Waste not, want not?

Posted on Saturday, July 16, 2011 | By Nicole Easterday |

 We’ve all heard the phrase but I can’t really tell you that I’ve ever sat down to truly ponder what it meant.  I haven’t had to truly want something since I was a kid; in fact, I’ve lived quite comfortably within my means for years with a well-paying job, few obligations and no debt.  It’s not necessarily that all that has changed now, but some significant changes have gotten me thinking about what it means to really tighten our proverbial belt. First, we got married.  With both of our families in, shall we say ‘transitional’ stages, if we wanted a wedding we were going to have to cover it ourselves.   We did want one and we did pay for it.  As if the wedding weren’t enough, I had amassed a sizable collection of hotel points and airline miles, thanks to the travel heavy job, that were begging to be used so of course we had to spend two weeks in Italy. You would think that having free airline tickets and most of our hotels covered would make a very affordable vacation but a terribly unfavorable exchange rate blew that idea to shreds.  Twenty Euro antipasti plates become $30 in the blink of an eye.  It all would have been fine had our lovely hotel in Positano, one of the few we paid for out of pocket, accepted credit cards.  Imagine our surprise on the final day of our vacation to find that we needed an emergency stash of cash pronto on a Sunday! None of this is to make you feel sorry for us; let’s face it - so many people could hope to have these problems, but rather to frame the situation.  We were feeling awfully broke upon the return from our honeymoon.  Cash reserves spent, credit card debt for the first time in a very long time and no more lavish gifts arriving by mail. While we certainly weren’t feeling rich in cash, if there were one thing we were flush with it was eggs!  Jared’s father who was caring for the farm couldn’t come close to eating the number of eggs our ducks and chickens produce and instead of sharing them with friends and neighbors like we normally do, he collected dozens of them in the crisper at the bottom of our fridge. Two weeks worth of eggs amounted to nearly 70 altogether!  I set to work putting them in cartons for friends and mastering the art of angel food cake.  Three hours, two angel food cakes, zero visits to the grocery store and 24 egg whites later and our ‘egg crisper’ was looking a little tidier. Luckily some friends were coming over during the weekend to make homemade pizza (free meal - woohoo!).  Since they were supplying the pizza ingredients I decided the dessert I had to offer along with leftover wedding wine and beer would make a good trade, keeping us out of the store.  Now, what to do with all those leftover yolks? A couple of months ago I was at an urban homesteader potluck party thrown by Rachel of Dog Island Farm and met one of her regular guest bloggers, Jessa, the Sunday Recipe Gal.  She had brought lemon curd to the party and was joking that she needed to find something to do with 24 egg whites.  I laughed as I had brought an angel food cake to the party and needed to figure out what to do with all my leftover yolks.  This chance visit inspired me to turn my post-honeymoon yolks into lemon curd. Because I'd never made it before, I began researching lemon curd like I do most things before I make them.  I look at some of my favorite food blogs and recipe websites, try to find articles about preserving the food, etc. Many of the recipes I found called for the whole egg, though I finally found a few, including the Food in Jars one I used that use just the yolks.  There also seems to be a lot of confusion about whether it’s safe to can curd because of the eggs and butter.  I finally found this article by a Food Safety Specialist claiming you can in fact process curd, though it doesn’t have the normal twelve-month shelf like you can expect from other items, more like two months.  This all jived with what our friends at Food in Jars claimed so I decided to go for it. Then there was this little issue of lemons.  I had all the egg yolks I could ever need but the Food in Jars recipe, which I planned on quadrupling, called for three lemons.  Not a problem in California right?  Citrus hangs on trees year-round in nearly every  backyard in our neighborhood; heck, in our own backyard, we have 16 fruiting trees and vines.  Not a lemon to be found though.  Safeway had them for $1 a pop but I was not about to spend $12 in the aftermath of our pricey honeymoon just to keep from tossing my leftover yolks in the compost. Someone had to have lemons.  I started out into the neighborhood to find someone who could help.  I ran into two neighbors who were able to contribute six lemons – only six more to go!  Another 15 minutes found another neighbor who generously climbed into his garden to rustle up the remaining fruits.  I skipped away promising delicious lemon curd over my shoulder. The curd was really a breeze to make if you disregard the knuckles I nearly lost on the microplane grating the peel from the pith.   Even easier if you ignore the fact that I juiced the lemons after grating them wincing as the acid founds it’s way into my injured hands.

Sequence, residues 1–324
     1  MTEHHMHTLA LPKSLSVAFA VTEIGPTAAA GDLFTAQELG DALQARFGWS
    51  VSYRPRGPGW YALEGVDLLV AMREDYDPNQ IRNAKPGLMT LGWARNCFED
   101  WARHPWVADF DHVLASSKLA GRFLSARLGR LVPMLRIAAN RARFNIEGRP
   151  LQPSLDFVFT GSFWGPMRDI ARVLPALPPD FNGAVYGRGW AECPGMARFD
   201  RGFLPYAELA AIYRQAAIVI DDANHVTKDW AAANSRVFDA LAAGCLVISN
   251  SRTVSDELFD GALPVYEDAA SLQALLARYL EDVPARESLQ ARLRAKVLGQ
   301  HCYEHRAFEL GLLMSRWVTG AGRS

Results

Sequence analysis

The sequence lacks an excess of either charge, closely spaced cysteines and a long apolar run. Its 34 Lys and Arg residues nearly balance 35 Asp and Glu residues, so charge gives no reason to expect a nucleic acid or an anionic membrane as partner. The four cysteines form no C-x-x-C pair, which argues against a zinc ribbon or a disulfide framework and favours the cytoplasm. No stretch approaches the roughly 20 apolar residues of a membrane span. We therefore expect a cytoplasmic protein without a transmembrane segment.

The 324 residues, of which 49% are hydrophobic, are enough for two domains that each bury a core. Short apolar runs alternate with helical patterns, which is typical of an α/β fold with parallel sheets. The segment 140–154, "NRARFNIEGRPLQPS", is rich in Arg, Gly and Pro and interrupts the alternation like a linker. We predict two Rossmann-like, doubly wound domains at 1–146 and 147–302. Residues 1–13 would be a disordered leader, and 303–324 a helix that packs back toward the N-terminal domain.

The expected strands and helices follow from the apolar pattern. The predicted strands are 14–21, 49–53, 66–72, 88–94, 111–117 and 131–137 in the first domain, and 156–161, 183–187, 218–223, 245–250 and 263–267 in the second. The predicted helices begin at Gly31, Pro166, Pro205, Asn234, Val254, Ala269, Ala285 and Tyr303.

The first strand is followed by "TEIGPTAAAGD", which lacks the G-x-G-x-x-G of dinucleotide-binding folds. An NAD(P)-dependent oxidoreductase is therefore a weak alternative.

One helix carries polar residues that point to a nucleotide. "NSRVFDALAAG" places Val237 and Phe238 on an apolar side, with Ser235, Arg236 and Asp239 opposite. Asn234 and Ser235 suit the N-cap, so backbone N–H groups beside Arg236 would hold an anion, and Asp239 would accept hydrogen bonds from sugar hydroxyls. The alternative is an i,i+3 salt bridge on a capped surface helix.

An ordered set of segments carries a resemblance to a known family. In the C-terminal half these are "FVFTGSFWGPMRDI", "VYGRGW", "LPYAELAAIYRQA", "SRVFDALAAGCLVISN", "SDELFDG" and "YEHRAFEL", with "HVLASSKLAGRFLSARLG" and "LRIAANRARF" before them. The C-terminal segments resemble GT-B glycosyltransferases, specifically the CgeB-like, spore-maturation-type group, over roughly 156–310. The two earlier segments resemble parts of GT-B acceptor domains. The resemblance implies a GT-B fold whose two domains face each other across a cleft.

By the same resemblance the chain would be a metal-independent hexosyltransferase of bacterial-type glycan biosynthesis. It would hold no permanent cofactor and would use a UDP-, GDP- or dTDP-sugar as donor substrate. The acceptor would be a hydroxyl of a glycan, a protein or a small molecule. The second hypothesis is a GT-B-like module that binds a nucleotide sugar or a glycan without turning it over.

I quickly canned the curd (yes, quickly – it turns out I’m getting quite proficient at this preservation business!) and ran out the door to deliver a finished jar to the neighbors who had volunteered lemons.  There was enough left to serve atop the angel food cake for dessert that night, send a jar home with my friend and have a few left in our canning cabinet. Nothing was wasted and even the leftover lemon rinds found a home in our compost pile, helping to heat it up. After the stress of knowing our credit cards were nearly maximum capacity, it felt really great to know I could make use of what we had on hand and turn it into food and trade.   Our friends were blown away by both the angel food cake and the curd and a side bonus is that ever since I gave one of the neighbors a jar of lemon curd, she’s been stopping by a couple of times a week to leave her overdue produce for our chickens and ducks.  She also thinks I’m a master of the kitchen, noting that my lemon curd was better than Trader Joe’s, which I take as a compliment.  All in all I think we win.  Again. What ways have you found to use what you have on hand to make something delicous and avoid a pricey trip the store?  I'd love to hear your ideas?